Scans of volunteers who took acid shows it disrupts information pathways in brain
A group of volunteers who took a trip in the name of science have helped researchers uncover how LSD messes with activity in the brain to induce an altered state of consciousness.
Brain scans of individuals high on the drug revealed that the chemical allows parts of the cortex to become flooded with signals that are normally filtered out to prevent information overload.
The drug allowed more information to flow from the thalamus, a kind of neural gatekeeper, to a region called the posterior cingulate cortex, and it stemmed the flow of information to another part known as the temporal cortex.
This disruption in communication may underpin some of the wacky effects reported by LSD users, from feelings of bliss and being at one with the universe to hallucinations and what scientists in the field refer to as “ego dissolution”, where one’s sense of self disintegrates.
For the study, the researchers invited 25 healthy participants into the lab to be scanned under the influence of LSD and, on another occasion, after taking a placebo. They were shown around the scanner beforehand to ensure they felt comfortable going inside when the drug took hold. Had the machine suddenly taken on a threatening demeanour, the scans might not have come out so well.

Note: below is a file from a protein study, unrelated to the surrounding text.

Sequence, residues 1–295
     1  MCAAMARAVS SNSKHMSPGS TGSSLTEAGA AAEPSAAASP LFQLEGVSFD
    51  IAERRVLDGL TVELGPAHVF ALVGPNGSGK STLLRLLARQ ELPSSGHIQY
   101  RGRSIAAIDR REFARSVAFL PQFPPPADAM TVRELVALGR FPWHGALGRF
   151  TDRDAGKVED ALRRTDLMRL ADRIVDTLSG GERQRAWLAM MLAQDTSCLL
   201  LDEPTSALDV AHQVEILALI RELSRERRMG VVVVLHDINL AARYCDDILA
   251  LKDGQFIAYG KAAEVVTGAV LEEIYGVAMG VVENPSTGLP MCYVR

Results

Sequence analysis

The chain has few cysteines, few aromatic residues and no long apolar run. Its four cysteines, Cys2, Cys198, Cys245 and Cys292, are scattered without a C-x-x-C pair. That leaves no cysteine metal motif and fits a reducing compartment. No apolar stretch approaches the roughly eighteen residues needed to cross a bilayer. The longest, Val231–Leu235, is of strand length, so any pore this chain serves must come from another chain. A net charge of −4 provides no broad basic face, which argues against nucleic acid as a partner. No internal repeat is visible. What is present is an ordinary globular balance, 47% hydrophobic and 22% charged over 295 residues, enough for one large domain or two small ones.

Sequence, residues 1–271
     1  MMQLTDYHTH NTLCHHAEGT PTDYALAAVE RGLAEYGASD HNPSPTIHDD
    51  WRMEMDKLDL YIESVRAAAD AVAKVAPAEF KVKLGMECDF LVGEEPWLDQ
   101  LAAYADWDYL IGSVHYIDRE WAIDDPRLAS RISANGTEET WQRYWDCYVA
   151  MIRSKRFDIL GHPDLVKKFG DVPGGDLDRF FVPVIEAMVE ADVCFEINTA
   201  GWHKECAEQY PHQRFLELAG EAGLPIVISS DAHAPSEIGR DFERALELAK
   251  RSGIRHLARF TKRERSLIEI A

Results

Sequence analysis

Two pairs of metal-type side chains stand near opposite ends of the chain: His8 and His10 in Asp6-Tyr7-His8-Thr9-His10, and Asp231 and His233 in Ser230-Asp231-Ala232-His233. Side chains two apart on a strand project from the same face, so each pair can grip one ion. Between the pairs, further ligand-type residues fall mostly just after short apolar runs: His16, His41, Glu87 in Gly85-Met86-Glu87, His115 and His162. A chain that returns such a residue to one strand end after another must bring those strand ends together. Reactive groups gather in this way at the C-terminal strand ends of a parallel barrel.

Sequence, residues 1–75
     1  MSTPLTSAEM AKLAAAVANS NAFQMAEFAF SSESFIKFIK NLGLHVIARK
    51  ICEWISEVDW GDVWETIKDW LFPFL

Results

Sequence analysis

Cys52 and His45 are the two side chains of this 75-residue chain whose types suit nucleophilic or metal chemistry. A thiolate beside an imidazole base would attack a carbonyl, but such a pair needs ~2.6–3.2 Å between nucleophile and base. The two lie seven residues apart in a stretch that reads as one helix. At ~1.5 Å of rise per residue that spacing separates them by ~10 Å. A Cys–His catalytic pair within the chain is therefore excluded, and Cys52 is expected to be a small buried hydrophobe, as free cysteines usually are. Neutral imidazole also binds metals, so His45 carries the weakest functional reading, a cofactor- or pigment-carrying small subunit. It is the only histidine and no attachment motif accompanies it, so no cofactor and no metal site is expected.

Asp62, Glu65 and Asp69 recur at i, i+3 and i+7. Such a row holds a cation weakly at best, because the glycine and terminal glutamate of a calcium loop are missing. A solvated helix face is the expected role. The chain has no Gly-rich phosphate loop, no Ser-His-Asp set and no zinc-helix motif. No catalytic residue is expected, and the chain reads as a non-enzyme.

The scientists wanted to test a hypothesis first put forward more than a decade ago. It states LSD causes the thalamus to stop filtering information it relays to other parts of the brain. It is the breakdown of this filter that gives rise to the weird effects the drug induces, or so the thinking goes.
“The world around us is not the world we perceive because the thalamus filters out what it considers to be irrelevant information,” said Katrin Preller, a researcher on the project at the University Hospital for Psychiatry in Zurich. “We don’t necessarily perceive all there is because that would be an overload of information.”
Scans of the volunteers’ brains suggested there may be some truth to the hypothesis. On LSD, the thalamus let more information through to some parts of the brain and suppressed information bound for others. “What we found is that the model is mostly true, but how information is distributed to the cortex under LSD is much more specific than it predicts,” said Preller.